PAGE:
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Old Mar 04, 2011, 10:36 PM
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Quote:
Originally Posted by Sproket13 View Post
MAP have you much experience with this yourself? Ill have to check it out via a range test. I hope there won't be interference, it COULD happen tho you are correct. If i notice anything I'll cut throttle..Hopefully my Orange RX with its lil antenna hanging out will stay true!! Just ordered a satellite receiver from HK just for this plane!

is the problem from the carbon rod shielding it, physically has to be blocked?? the rod is so thin, does it create a wall...This is the first time i heard of it..GOOGLE here i come. and I usually take what most things i read with a grain of salt unless its known physics..hehe


Did the range test..had the GF hold the plane up and move and twist, I'm sure the neighbors wondered what the heck she was doing. I eventually found that at 50 paces I had good signal, every which way the plane faced. It was quite easy to tell when signal was lost as the OrangeRX lights up...orange. at 55 paces It would cut out sometimes, depending on the angle of the plane. at 60, It could only grab the signal, then lost it once the RX was blocked in any way. SO it so far, seems alright Wonder what the range will be with the satellite installed
Sounds like you might not have any problem, then. I would definitely go with the satellite RX as well, as this should increase your radio range both in distance and the range of angles of orientation between you and your plane where you get a strong signal.

Just to be clear, I've never had this problem myself, but remember that it is very difficult to determine what is the actual cause of signal loss anyway. I do know that an RF signal CAN be produced by two conductive materials being in contact vibrating or just picking up static from the atmosphere. This is generally more of a concern with glow or gas powered planes, since there is much more vibration, but it can happen with electrics and sailplanes, especially since this push rod will be sliding back and forth against the carbon. Push rods, clevises, and control horns can be made from metal or carbon, but you usually try to avoid putting any of those materials against each other because of this effect. For example, you try to go metal push rod - plastic clevis - metal control horn, or plastic push rod - metal clevis - plastic control horn, but not metal - metal - metal, or metal - metal - carbon, or anything like that if you can avoid it.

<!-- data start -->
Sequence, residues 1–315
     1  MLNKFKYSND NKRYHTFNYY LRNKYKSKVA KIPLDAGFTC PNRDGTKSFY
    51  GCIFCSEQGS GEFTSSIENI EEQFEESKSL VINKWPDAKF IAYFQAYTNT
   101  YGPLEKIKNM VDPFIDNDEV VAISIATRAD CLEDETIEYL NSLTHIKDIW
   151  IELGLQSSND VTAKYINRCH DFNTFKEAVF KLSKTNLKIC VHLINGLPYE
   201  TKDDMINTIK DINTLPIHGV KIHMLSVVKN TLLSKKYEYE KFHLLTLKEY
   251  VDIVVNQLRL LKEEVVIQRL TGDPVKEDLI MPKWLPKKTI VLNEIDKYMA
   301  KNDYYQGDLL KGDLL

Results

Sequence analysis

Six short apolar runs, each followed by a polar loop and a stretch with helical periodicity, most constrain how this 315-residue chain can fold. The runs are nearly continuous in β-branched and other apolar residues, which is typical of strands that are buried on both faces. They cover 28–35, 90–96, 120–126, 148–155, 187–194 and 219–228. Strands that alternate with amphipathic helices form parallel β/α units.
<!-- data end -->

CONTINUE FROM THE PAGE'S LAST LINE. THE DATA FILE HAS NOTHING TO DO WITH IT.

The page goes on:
Also, carbon or metal will block a signal, but that's usually more of a problem for all carbon fuselages (those sailplane guys have to mount the receiver wires outside of the fuse) or if you have a ton of carbon reinforcement in the areas around your receiver. In this case, I wouldn't think that the carbon would have any greater of a blocking effect than the metal push rod itself, in other words very minimal.

Just keep in mind, guys, that the Radian Pro is a sailplane, and we're going to be flying it out far and up high and we want to do everything we can to make sure we have a solid radio connection at all times. While this RF-producing setup may not definitely cause a signal loss on it's own, it could contribute to a signal loss problem if there are any other factors present at any given time. For example: if you are flying really high or far away, AND you happen to be at an orientation where the metal push rod or battery or ESC or something else is directly in line between you and the receiver, AND you have something onboard that is producing an RF signal, it could all add up to a loss of signal. Why take the chance? Personally, I try to eliminate as many of the contributing factors as I can find before hand. Like I said, you may never have a problem.
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